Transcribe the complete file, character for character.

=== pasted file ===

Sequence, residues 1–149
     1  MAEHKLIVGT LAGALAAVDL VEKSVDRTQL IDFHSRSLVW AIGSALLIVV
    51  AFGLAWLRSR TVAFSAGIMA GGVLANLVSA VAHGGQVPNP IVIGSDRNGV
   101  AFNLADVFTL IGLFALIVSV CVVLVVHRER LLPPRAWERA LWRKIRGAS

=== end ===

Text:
Sequence, residues 1–149
     1  MAEHKLIVGT LAGALAAVDL VEKSVDRTQL IDFHSRSLVW AIGSALLIVV
    51  AFGLAWLRSR TVAFSAGIMA GGVLANLVSA VAHGGQVPNP IVIGSDRNGV
   101  AFNLADVFTL IGLFALIVSV CVVLVVHRER LLPPRAWERA LWRKIRGAS